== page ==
1 in 4 of the living person on earth is Chinese. China used to be the most developed contry in the world, but was overtaken by the Western country when it became too inward looking and became complacent. Now with the opening up of China, it may again take its place as a leading country of the world.

(note: Instruction to implement expandable post summary was given in this post: Expandable Post Summary for New Blogger, but with this method, the link "Read More" appears even for short post. This short post and blog is published mainly to test the peekaboo expandable post summary to see if the "Read More" link appears for short posts. If after this, the "Read More" link is not visible, that means the hack works as intended.

Update: There is no "Read More" link in this short post, so it shows that the hack is working.


Tuesday, April 3, 2007

Submit Your Website's URL To Chinese Search Engines

Submit Your Website's URL To Chinese Search Engines

by: David Carnes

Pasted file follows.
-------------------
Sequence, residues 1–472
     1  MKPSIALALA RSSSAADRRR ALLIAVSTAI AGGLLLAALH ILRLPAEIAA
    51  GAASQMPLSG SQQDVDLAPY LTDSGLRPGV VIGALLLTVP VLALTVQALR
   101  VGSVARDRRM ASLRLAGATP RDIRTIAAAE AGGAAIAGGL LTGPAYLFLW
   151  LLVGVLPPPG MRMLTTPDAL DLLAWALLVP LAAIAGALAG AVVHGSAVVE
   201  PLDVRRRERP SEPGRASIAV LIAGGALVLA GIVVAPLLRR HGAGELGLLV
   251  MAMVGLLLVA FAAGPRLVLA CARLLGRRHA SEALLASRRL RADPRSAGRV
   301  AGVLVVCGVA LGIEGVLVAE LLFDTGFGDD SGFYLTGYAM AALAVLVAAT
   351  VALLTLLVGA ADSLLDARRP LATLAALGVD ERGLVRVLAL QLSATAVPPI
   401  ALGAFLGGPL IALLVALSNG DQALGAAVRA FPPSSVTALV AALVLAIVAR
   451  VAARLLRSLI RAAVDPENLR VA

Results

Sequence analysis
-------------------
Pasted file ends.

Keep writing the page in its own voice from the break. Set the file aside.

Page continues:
It is certainly true that the Internet is dominated by the Englsih language – it has been estimated that 75% of all Internet pages worldwide are written in English. But surprise, surprise, the world’s No. 1 language in terms of number of native speakers is also the most difficult to read – Chinese, with about three times as many native speakers (and readers) as English. China has the second greatest number of Internet users in the world, behind only the United States, and its Internet market is one of the world’s fastest-growing. Furthermore, its buoyant economy is impossible to ignore. Every year millions are added to its relatively affluent middle class.